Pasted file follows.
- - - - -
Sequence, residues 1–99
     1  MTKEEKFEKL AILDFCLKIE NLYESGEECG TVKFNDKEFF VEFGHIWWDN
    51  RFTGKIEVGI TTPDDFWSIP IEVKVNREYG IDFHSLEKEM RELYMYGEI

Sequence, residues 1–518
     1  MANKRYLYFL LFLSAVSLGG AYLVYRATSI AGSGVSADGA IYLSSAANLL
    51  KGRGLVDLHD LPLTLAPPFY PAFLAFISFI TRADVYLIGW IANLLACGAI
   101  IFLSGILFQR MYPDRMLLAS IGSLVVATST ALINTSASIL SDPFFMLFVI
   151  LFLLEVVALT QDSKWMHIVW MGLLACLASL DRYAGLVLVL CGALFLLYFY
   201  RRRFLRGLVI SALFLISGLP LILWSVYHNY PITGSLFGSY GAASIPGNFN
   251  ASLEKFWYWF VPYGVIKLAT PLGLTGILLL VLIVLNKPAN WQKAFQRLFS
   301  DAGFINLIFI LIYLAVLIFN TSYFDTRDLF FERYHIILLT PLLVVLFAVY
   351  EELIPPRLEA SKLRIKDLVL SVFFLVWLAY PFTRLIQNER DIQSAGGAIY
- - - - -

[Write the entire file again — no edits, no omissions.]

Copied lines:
Sequence, residues 1–99
     1  MTKEEKFEKL AILDFCLKIE NLYESGEECG TVKFNDKEFF VEFGHIWWDN
    51  RFTGKIEVGI TTPDDFWSIP IEVKVNREYG IDFHSLEKEM RELYMYGEI

Sequence, residues 1–518
     1  MANKRYLYFL LFLSAVSLGG AYLVYRATSI AGSGVSADGA IYLSSAANLL
    51  KGRGLVDLHD LPLTLAPPFY PAFLAFISFI TRADVYLIGW IANLLACGAI
   101  IFLSGILFQR MYPDRMLLAS IGSLVVATST ALINTSASIL SDPFFMLFVI
   151  LFLLEVVALT QDSKWMHIVW MGLLACLASL DRYAGLVLVL CGALFLLYFY
   201  RRRFLRGLVI SALFLISGLP LILWSVYHNY PITGSLFGSY GAASIPGNFN
   251  ASLEKFWYWF VPYGVIKLAT PLGLTGILLL VLIVLNKPAN WQKAFQRLFS
   301  DAGFINLIFI LIYLAVLIFN TSYFDTRDLF FERYHIILLT PLLVVLFAVY
   351  EELIPPRLEA SKLRIKDLVL SVFFLVWLAY PFTRLIQNER DIQSAGGAIY